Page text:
In a beautifully reflective article written to honor her mother’s beauty routine, Plan A’s Jessica Rhee writes of her Korean mother’s skin care products:
Tokens of luxury, a psychological cocoon, a tangible sign of privilege, of finally belonging — these were what my mom really bought with her hard earned money in the heated years of the Reagan and Bush administrations. And let’s face it, all the “good” stuff was incredibly, starkly, white people stuff.
Jessica, now an adult, says that:
the lineup I rely on to unwind and quietly indulge myself, are unabashedly and proudly Asian. It feels like coming home.
It was with wistful envy that I read Jessica’s piece, thinking back to my pre-adolescent years. Like her, I’d sit in our home’s only full bathroom with my mother. Unlike her, though, I’d watch my blonde haired, blue eyed mother apply her own cosmetics. Each large, hooded eye would be ringed with charcoal-colored mascara. Then, her fair-skinned eyelids were outlined with eyeliner the color of walnuts (light-brown would be too pedantic a color name) and finally, a sweep of neutral eyeshadow and some pinkish blush to her high cheekbones.
During this routine, my mother’s long face would contort into the feminine expressions young girls interpret as an entrance into womanhood. I was no different in wanting to lean over the bathroom sink, matte-lipsticked mouth parted open and chin tilted upward.
When I’d look in the mirror after she was finished, though, I’d find I wasn’t fair-skinned or blue-eyed or blonde. What reflected back was a disappointing mockery. You’re still Asian, the mirror would say.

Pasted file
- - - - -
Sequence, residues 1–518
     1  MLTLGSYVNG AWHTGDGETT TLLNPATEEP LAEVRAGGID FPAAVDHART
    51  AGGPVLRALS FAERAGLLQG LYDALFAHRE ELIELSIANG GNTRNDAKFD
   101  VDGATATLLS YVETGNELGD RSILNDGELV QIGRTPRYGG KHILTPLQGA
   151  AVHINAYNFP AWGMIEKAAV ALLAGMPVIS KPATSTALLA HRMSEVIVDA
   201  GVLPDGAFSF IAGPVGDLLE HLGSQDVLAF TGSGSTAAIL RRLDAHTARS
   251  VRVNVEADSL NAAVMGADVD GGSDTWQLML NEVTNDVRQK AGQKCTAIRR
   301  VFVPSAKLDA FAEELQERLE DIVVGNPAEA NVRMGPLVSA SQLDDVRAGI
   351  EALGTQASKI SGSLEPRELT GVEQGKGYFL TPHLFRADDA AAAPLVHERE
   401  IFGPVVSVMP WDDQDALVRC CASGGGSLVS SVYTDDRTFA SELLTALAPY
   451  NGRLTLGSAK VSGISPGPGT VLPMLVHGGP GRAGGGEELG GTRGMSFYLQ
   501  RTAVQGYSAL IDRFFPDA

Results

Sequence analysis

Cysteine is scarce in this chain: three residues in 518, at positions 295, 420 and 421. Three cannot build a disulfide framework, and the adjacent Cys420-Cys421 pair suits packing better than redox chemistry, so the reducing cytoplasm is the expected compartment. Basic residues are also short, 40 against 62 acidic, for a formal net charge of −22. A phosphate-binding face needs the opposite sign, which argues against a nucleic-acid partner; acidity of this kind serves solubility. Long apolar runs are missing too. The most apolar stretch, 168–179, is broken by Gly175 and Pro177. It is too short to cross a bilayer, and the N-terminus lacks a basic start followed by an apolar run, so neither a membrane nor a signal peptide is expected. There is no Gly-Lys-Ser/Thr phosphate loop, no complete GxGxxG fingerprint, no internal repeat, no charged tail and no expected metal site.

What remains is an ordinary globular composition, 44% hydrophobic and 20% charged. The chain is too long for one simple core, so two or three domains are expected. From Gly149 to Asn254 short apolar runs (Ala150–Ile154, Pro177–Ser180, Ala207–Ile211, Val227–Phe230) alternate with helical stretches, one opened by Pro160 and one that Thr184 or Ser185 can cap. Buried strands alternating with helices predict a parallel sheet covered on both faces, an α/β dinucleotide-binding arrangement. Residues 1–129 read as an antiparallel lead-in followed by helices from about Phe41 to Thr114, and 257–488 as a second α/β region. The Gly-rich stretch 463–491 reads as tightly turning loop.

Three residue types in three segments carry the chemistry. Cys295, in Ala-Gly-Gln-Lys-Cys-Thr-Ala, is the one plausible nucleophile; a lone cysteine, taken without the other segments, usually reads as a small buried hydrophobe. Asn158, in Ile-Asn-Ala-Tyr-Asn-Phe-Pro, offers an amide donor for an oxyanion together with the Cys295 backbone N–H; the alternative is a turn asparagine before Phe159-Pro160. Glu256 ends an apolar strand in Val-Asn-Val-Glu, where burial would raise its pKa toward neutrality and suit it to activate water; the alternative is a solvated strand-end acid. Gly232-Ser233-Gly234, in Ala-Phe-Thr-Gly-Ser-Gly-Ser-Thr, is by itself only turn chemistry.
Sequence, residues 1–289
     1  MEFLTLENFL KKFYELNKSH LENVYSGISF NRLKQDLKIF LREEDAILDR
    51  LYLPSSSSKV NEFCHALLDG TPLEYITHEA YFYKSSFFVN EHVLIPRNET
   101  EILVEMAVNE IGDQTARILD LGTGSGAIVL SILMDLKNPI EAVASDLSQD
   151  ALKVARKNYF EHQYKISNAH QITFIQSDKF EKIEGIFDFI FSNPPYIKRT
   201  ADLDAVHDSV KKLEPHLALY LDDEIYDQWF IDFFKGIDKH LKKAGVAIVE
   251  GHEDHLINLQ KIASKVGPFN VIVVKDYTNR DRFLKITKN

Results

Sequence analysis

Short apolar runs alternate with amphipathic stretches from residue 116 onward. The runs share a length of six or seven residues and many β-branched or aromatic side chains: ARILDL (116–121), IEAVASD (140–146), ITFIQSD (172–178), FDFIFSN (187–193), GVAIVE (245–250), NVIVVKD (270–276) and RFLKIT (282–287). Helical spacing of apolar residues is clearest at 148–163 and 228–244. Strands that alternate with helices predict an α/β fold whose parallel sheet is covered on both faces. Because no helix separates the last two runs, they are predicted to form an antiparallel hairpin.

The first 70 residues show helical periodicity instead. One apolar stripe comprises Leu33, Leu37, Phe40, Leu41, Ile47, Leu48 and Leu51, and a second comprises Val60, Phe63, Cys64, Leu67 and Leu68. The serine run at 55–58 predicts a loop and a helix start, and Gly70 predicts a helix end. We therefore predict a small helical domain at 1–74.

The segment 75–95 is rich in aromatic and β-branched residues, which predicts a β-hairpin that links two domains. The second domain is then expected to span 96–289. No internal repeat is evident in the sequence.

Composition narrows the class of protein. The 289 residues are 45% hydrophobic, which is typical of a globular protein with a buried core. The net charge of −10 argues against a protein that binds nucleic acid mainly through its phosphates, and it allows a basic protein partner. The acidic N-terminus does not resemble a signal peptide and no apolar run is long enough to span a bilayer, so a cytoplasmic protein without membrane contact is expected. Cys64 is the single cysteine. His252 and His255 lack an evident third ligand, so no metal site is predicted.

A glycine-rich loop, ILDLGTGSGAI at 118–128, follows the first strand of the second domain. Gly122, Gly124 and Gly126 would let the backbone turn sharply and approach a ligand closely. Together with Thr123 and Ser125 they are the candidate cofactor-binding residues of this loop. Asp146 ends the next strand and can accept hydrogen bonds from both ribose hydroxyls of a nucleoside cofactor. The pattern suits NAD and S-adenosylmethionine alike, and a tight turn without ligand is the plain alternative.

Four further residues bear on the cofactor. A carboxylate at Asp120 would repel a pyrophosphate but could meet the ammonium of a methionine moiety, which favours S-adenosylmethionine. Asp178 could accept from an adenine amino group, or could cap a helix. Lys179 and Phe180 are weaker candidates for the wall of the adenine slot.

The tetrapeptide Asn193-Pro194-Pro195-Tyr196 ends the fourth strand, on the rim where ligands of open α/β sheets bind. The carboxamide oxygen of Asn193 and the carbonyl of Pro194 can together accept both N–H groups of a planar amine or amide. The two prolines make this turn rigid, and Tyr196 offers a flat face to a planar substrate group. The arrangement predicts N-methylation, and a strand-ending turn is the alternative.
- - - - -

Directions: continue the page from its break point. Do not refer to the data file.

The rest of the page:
No beauty product could conceal my Asianness. Pressed powder couldn’t transform me into White.
One time, my mother took me for a prom makeover. Our local mall, a snug 1990s landmark of my all-White, Reagan- (and then Bush- and then Trump-) loving town, had a tiny makeup counter in the Bon-Ton. I sat in the hard-backed pleather stool while the red-headed girl attempted to transform me into someone better. When the girl held the mirror up to show me her work, all I saw was a Korean girl with two black eyes and eyeshadow that highlighted her lack of a prominent brow bone.
I stomped back to the car with my head down and my mother asking me what did you expect to happen, what did you want her to do?
We never discussed makeup again.
My mom died almost ten years ago. A mother who once joked that “blonde was the first attraction.”
In the years since her death, I’ve found the freedom to do my makeup in a way that, as she once instructed me, enhances my natural beauty. YouTube exploded and Google left no excuses for me to not know what to do. But still, the memory of my mother’s mundane makeup routine remained, its impact hidden until Rhee’s article reminded me of its significance.
I love my mother and I miss her every day. Despite her imperfections, her life did not deserve to be shortened by cancer; had she lived, perhaps we would have worked toward understanding the wedge transracial adoption firmly planted between us. She left when I was still confused by her wish for me — her only daughter — to be happy with an Asian face that others responded to as if it were a contagious illness.
What she failed to accept was our occupation in a world dominated by White beauty standards, from which I couldn’t escape since my home harbored the same message. Today, I’d like to say I don’t believe White beauty is the goal, that it’s silly to subconsciously endorse rhetoric praising straight noses and high cheekbones. But part of me still disowns my Asianness, tolerating it instead of embracing it.
Such are the hazards of transracial adoption. Still, the external forces decrying not White as undesirable don’t have to follow me — or other transracial adoptees — for our lives’ entirety. We can take these experiences and use them to empower us, proclaiming them as examples of human follies to avoid.We can share these stories so others don’t have to confront this alone. Because really, adopted or not, we’re all beautiful. We just have to be taught that our beauty isn’t tied to our race.
Comments powered by Talkyard.